You are now in the main content area

Update: Scale-up project helps grow food security in Vietnam

A Vietnamese woman tying up vegetables on a farm

Photo: Matthew Brown

A partnership between the Centre for Studies in Food Security at Ryerson University and Vietnam’s National Institute of Nutrition (NIN) produced employment opportunities for women and enriched food for children in northern Vietnam communities. School of Nutrition professor Cecilia Rocha and her team partnered with NIN on a project, Scaling up small-scale food processing for therapeutic and complementary food for children in Vietnam, which started in November 2015 and concluded in June 2018.

The project sought to apply a food systems approach proposed by professor Rocha’s team to reduce food insecurity and chronic malnutrition among women and children in some northern Vietnamese communities. Nutritionally fortified foods for children were developed using local crops at a new, small-scale food processing plant. The project was later scaled up to distribute the enriched food products to a larger area. This helped address malnutrition and increased local employment, as well as improving agricultural practices among local women farmers.

“By the end of the project, the plant was installed and we had the women farmers supplying crops to that plant. Enriched weaning products were developed,” said professor Rocha. “They had a system of distribution developed through their health centres.”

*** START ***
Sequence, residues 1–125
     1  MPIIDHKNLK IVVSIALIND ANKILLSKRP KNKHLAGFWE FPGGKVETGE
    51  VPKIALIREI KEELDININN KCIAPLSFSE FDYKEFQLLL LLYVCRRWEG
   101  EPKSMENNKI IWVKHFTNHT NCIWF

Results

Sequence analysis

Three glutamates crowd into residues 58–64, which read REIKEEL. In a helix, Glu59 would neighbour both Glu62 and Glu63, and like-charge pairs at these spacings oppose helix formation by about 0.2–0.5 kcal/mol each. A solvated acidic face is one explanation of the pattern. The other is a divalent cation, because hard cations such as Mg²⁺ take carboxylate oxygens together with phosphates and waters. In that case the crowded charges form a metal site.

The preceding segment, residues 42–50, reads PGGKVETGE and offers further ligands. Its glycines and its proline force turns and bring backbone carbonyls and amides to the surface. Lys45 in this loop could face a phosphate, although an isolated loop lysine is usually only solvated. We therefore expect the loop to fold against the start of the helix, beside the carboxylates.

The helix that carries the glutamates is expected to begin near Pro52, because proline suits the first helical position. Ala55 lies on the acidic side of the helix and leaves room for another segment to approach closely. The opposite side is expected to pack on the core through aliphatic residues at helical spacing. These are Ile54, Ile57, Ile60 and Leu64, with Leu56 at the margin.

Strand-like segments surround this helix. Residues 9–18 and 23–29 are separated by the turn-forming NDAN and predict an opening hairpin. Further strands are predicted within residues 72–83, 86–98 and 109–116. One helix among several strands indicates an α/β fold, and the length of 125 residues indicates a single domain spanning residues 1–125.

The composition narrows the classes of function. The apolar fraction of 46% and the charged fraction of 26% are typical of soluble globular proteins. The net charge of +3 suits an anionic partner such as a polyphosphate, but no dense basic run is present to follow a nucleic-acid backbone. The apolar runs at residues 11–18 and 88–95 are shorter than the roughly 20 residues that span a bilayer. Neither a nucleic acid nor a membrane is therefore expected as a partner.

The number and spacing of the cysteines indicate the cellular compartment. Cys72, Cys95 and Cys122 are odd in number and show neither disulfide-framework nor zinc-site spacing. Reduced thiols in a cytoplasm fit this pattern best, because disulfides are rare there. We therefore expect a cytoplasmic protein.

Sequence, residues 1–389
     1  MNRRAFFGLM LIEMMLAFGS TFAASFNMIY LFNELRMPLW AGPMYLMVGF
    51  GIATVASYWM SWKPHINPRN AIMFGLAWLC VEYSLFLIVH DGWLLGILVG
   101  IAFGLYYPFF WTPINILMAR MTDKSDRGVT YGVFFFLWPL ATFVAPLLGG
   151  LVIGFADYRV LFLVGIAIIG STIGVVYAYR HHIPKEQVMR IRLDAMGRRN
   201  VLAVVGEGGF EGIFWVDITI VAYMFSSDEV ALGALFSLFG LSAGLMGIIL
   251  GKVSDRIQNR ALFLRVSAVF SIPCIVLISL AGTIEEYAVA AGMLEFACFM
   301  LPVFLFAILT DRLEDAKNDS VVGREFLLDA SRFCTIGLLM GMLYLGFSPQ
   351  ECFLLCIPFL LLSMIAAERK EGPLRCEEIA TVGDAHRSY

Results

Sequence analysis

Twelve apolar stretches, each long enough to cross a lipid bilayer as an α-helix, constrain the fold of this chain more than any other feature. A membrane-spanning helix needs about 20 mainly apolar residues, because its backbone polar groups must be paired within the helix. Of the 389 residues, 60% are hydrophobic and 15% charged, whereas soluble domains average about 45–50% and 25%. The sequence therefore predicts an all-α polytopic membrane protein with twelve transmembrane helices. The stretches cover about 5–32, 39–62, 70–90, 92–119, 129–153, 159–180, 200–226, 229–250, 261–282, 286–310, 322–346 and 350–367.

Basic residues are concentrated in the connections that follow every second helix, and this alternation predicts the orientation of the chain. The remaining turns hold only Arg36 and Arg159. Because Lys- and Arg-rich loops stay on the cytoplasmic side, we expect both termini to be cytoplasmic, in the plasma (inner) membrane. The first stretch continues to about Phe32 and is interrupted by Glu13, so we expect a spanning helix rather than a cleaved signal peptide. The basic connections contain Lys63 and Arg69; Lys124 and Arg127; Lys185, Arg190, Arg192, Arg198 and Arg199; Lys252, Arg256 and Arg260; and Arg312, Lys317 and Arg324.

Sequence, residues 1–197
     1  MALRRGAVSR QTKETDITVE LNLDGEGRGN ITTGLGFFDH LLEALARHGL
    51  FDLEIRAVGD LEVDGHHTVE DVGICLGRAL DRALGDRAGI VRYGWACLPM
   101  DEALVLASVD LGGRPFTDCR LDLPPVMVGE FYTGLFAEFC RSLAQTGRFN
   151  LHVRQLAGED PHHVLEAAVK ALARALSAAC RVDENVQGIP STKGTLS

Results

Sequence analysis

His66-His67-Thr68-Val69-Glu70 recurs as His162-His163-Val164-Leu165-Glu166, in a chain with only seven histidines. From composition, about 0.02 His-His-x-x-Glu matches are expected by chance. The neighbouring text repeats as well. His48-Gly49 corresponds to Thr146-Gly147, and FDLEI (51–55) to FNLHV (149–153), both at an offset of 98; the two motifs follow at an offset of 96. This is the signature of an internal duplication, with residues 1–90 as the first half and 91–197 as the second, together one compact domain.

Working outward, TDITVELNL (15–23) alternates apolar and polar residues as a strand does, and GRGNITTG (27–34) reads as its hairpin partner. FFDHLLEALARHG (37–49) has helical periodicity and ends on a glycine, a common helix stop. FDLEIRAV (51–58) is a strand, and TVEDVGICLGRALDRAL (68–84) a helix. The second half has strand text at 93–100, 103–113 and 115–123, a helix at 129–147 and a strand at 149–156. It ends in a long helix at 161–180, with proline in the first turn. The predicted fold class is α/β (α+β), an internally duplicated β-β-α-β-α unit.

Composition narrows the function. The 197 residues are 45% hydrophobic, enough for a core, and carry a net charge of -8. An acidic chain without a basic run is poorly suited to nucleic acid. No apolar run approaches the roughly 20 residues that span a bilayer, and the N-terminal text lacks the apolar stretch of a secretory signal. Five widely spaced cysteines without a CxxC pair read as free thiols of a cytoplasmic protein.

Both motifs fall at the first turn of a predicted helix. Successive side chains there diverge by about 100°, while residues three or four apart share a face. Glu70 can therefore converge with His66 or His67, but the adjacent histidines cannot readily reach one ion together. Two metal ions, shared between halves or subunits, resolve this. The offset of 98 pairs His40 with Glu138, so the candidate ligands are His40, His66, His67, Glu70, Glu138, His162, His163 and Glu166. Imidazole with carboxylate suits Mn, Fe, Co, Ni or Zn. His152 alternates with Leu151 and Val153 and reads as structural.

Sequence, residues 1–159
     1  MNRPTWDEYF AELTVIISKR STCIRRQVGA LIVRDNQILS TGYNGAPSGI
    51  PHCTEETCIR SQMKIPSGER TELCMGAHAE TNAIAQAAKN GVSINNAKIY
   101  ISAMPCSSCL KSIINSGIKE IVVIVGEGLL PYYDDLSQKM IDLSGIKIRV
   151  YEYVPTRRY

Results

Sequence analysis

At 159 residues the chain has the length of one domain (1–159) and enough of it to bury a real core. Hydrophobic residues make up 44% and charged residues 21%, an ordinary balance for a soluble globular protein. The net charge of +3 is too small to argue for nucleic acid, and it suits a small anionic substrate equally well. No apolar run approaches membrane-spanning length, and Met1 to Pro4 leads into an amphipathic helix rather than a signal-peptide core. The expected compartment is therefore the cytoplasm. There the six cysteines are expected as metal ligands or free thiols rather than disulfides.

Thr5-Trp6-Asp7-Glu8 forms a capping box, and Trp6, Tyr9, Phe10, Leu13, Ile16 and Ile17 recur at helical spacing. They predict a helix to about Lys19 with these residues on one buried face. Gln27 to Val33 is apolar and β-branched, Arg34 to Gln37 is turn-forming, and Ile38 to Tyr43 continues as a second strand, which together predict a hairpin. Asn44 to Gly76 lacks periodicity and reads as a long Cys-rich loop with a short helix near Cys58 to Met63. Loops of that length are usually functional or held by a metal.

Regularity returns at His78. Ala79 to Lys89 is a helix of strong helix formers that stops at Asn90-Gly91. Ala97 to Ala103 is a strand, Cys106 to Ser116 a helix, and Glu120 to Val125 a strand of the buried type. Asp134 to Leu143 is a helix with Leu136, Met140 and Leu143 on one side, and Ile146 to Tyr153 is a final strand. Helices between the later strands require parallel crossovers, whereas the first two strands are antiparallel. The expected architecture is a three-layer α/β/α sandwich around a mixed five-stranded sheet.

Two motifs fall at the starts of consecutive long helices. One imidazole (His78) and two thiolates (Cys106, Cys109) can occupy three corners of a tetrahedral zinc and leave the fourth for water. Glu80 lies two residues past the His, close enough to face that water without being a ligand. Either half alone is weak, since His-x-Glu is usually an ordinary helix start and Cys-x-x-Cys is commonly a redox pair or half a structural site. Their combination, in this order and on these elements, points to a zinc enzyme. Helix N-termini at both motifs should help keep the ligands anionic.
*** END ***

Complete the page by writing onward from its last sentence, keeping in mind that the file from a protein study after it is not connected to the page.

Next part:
Training for farmers, health centre workers and employees of the small-scale food processing facility was provided as part of the project, and NIN formalized a public-private partnership with a local businesswoman to operate the business.

Professor Rocha’s final report on the project says more than 14,000 children under the age of two and their mothers have been reached through infant and young child feeding (IYCF) counselling sessions, which teach mothers about nutrition and how to prepare NIN’s ECOSUN product line (instant porridge and vegetable powder). More than 2,500 children in preschools have also received the fortified instant porridge as part of a school meal program.

The Ryerson researcher says her team’s forthcoming papers will focus on topics such as the project’s impact on malnutrition and on the public-private partnership model that was developed.

Support for this project was provided by Global Affairs Canada, the International Development Research Centre and the National Institute of Nutrition of Vietnam.